By Daniel Jones, Level 4 Diploma student, RHS Garden Wisley
As part of my level 4 horticultural diploma at RHS Garden Wisley, I have undertaken a research project looking at different plant communities found in the Alps and how they can be used in a garden setting. My project had three main components:
- I began my project by looking at the different plants that should be considered an alpine in a garden setting and understanding how garden visitors to Wisley viewed alpine plants and alpine plant displays.
- I also researched the current threats to plants in the Alps, which included the effects of climate change, atmospheric nutrient deposition and tourism.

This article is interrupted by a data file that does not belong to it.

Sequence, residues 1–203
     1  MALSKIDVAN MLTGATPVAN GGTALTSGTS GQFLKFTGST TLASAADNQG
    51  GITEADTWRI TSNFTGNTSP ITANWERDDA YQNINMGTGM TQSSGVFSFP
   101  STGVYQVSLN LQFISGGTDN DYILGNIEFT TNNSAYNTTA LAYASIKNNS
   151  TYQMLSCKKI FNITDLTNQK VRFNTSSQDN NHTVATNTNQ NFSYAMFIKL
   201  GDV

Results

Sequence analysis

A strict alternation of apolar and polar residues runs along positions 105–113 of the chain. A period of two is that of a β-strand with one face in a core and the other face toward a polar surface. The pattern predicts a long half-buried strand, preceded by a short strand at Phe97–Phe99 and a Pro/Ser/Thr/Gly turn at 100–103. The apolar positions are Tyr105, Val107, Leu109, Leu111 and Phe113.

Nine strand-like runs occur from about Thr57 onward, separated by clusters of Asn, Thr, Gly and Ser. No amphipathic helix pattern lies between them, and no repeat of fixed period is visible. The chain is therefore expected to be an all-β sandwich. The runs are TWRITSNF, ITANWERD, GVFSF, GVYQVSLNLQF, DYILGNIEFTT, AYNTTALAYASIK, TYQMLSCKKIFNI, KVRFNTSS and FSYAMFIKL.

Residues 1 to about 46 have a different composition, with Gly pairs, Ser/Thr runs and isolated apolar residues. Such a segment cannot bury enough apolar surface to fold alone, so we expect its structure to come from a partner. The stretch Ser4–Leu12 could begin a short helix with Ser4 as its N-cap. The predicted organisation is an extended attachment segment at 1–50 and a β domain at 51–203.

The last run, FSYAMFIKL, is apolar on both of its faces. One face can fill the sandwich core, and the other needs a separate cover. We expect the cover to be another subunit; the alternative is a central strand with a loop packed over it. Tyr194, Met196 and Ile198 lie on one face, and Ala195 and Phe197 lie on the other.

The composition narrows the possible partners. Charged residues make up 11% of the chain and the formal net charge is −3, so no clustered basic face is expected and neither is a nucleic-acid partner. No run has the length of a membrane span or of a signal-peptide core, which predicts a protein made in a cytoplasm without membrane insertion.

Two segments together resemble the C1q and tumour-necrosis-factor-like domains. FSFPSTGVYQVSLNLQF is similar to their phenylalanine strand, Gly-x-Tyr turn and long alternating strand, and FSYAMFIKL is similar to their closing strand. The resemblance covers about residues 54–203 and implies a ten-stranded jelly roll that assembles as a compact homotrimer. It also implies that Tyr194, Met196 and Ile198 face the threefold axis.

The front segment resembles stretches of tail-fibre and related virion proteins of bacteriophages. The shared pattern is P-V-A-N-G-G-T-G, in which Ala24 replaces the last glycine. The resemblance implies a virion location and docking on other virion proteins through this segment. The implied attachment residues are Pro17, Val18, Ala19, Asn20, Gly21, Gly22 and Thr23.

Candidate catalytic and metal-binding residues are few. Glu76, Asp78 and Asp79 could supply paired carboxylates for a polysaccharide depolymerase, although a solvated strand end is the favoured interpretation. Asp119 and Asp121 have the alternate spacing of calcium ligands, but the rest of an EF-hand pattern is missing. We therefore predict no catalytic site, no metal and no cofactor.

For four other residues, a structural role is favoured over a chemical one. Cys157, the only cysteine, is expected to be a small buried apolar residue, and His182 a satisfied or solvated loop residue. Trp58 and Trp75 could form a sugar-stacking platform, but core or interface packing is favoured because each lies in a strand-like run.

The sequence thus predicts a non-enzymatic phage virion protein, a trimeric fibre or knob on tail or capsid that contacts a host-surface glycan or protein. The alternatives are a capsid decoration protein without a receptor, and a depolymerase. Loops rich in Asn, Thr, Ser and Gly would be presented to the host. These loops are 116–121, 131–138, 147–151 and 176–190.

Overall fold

- I then explored the role that amateur and professional gardeners could have in providing innovative displays and interpretation of plants from the Alps in their own gardens, so that garden visitors better understand the importance of the flora of the Alps.
To ensure that the project was kept focussed, I researched several different plant communities from the valley bottoms to the high summits and the climatic, geographical, geological and soil conditions that these communities require to better inform cultivation in a garden setting. My overall conclusion was that by grouping particular plant communities, these could be used in a garden to better explain the diversity of plants from the Alps.
Click on the image below to read the dissertation.